13+ Diabetes Mellitus Nursing Care Plans

What are the nursing care plans and nursing diagnosis for diabetes mellitus (DM)?


In this nursing care plan guide are 13 nursing diagnosis for Diabetes Mellitus. Learn about the nursing interventions, goals, and nursing assessment for Diabetes Mellitus.

What is Diabetes Mellitus? 

Diabetes mellitus (DM) is a chronic disease characterized by insufficient production of insulin in the pancreas or when the body cannot efficiently use the insulin it produces. This leads to an increased concentration of glucose in the bloodstream (hyperglycemia). It is characterized by disturbances in carbohydrate, protein, and fat metabolism. Sustained hyperglycemia has been shown to affect almost all tissues in the body and is associated with significant complications of multiple organ systems, including the eyes, nerves, kidneys, and blood vessels.

Diabetes mellitus has a few types: 

  • Type 1 diabetes is characterized by destruction of the pancreatic beta cells.
  • Types 2 diabetes involves insulin resistance and impaired insulin secretion.
  • Gestational diabetes mellitus is when a pregnant woman experiences any degree of glucose intolerance with the onset of pregnancy.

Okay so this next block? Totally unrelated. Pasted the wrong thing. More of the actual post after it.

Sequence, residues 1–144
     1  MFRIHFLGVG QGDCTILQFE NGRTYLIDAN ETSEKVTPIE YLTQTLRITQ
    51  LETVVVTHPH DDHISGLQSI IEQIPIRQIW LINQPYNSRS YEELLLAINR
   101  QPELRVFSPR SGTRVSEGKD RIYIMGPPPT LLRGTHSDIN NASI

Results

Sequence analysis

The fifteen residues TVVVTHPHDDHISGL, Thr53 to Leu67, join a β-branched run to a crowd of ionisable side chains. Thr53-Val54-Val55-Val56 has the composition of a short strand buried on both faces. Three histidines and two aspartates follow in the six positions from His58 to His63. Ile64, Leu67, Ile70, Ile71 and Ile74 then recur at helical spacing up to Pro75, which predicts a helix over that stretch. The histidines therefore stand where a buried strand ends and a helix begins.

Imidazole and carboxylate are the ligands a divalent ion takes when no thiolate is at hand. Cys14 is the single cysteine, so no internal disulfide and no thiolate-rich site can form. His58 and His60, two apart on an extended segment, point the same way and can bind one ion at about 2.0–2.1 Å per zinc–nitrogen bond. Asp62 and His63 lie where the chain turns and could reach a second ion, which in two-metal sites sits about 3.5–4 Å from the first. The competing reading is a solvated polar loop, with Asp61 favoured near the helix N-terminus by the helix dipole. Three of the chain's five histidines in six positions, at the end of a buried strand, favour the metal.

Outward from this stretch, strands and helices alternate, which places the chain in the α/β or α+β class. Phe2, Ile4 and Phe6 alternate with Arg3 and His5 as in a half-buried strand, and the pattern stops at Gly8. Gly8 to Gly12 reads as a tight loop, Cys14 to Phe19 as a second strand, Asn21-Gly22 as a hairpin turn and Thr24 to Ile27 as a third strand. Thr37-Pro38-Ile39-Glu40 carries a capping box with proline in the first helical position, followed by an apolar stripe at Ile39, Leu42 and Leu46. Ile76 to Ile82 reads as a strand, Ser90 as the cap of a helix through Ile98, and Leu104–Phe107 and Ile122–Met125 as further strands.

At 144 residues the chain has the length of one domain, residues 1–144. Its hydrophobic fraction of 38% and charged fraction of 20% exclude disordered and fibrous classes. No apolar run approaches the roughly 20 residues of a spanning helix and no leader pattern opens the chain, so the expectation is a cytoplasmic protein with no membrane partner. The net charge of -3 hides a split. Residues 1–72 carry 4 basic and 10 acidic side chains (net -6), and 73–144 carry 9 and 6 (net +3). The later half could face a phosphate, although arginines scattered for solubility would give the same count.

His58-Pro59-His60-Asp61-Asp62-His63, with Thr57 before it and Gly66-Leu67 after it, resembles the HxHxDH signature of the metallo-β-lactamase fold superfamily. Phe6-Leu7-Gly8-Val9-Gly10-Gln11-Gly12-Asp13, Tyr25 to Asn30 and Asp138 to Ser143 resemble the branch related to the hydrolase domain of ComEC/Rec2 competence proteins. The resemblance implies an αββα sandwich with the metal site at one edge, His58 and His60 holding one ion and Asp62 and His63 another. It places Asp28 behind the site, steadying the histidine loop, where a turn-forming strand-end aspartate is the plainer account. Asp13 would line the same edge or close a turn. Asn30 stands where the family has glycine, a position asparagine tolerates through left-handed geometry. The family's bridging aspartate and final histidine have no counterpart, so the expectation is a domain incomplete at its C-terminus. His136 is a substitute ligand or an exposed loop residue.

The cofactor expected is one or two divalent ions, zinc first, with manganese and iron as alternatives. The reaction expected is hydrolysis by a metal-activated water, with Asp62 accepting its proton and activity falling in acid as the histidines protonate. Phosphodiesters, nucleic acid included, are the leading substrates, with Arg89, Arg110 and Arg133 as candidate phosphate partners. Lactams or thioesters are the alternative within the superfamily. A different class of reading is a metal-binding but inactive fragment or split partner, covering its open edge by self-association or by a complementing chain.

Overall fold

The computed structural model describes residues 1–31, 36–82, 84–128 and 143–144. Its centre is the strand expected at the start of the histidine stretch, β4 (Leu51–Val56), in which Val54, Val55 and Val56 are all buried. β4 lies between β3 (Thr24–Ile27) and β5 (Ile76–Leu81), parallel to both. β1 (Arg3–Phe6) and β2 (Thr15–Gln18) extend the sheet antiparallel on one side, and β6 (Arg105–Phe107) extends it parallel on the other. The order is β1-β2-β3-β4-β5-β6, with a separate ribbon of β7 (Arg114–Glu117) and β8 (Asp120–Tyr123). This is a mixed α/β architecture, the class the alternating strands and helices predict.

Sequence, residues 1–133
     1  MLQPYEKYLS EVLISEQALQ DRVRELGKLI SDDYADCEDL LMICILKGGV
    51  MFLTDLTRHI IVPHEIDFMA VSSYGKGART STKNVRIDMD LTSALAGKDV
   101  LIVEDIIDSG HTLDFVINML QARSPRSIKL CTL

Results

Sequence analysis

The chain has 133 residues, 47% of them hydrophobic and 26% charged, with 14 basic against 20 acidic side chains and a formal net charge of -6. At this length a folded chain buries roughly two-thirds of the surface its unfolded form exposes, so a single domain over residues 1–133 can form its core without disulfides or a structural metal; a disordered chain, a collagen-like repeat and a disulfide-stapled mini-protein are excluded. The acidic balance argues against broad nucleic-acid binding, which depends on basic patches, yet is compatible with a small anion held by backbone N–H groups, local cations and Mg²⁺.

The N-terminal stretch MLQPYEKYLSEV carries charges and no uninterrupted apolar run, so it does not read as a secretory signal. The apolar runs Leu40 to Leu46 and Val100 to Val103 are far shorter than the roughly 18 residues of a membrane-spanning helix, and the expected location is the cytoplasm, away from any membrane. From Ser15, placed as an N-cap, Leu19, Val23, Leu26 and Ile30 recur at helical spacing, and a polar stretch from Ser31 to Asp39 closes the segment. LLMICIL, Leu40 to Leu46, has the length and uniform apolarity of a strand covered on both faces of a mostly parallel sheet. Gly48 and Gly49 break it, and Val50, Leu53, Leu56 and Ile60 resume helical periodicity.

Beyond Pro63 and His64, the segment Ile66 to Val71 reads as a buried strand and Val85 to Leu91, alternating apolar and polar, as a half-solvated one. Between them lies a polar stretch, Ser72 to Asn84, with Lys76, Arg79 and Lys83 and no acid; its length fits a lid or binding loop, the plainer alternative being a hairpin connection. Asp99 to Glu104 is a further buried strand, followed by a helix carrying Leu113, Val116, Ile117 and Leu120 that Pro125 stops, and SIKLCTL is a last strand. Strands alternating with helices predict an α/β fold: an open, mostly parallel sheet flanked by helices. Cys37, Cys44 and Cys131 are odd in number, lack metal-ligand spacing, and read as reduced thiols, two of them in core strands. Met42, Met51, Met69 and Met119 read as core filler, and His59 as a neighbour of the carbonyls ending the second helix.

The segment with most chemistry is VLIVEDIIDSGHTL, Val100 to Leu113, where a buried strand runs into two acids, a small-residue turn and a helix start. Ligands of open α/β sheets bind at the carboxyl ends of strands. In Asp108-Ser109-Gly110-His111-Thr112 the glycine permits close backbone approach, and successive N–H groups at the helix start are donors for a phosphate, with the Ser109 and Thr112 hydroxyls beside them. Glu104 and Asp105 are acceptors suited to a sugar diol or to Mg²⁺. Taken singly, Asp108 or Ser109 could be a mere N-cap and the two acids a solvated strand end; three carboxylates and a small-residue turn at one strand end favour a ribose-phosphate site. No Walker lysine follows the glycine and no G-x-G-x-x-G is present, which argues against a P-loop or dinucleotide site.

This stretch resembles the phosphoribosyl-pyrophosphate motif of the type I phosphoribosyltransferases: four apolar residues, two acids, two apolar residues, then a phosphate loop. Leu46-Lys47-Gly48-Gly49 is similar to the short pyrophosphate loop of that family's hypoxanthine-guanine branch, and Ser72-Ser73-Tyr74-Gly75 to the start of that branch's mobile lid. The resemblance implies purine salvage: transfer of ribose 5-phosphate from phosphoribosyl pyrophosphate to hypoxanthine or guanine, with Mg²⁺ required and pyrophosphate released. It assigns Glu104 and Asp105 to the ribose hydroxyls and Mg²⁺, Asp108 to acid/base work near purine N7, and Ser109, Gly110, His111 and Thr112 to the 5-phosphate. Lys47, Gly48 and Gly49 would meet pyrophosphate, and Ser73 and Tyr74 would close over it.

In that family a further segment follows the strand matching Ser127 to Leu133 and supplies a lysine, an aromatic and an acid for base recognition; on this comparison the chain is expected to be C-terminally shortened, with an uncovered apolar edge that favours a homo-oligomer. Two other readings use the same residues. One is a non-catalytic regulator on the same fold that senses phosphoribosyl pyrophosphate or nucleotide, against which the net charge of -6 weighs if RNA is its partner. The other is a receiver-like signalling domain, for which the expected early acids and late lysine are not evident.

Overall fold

Nursing Care Plans for Diabetes Mellitus

Nursing care planning goals for patients with diabetes include effective treatment to normalize blood glucose and decrease complications using insulin replacement, balanced diet, and exercise. The nurse should stress the importance of complying with the prescribed treatment program. Tailor your teaching to the patient’s needs, abilities, and developmental stage. Stress the effect of blood glucose control on long-term health.

Here are 13 nursing care plans (NCP) and nursing diagnoses for diabetes mellitus (DM):

  1. Risk for Unstable Blood Glucose
  2. Deficient Knowledge
  3. Risk for Infection
  4. Risk for Disturbed Sensory Perception
  5. Powerlessness
  6. Risk for Ineffective Therapeutic Regimen Management
  7. Risk for Injury
  8. Imbalanced Nutrition: Less Than Body Requirements
  9. Risk for Deficient Fluid Volume
  10. Fatigue
  11. Risk for Impaired Skin Integrity
  12. Other Possible Nursing Care Plans


Nursing Diagnosis

May be related to

  • Long-term/progressive illness that is not curable
  • Dependence on others

Possibly evidenced by

  • Reluctance to express true feelings; expressions of having no control/influence over situation
  • Apathy, withdrawal, anger
  • Does not monitor progress, nonparticipation in care/decision making
  • Depression over physical deterioration/complications despite patient cooperation with regimen

Desired Outcomes

  • Acknowledge feelings of helplessness.
  • Identify healthy ways to deal with feelings.
  • Assist in planning own care and independently take responsibility for self-care activities.
Nursing Interventions Rationale
Encourage patient and/or SO to express feelings about hospitalization and disease in general. Identifies concerns and facilitates problem-solving.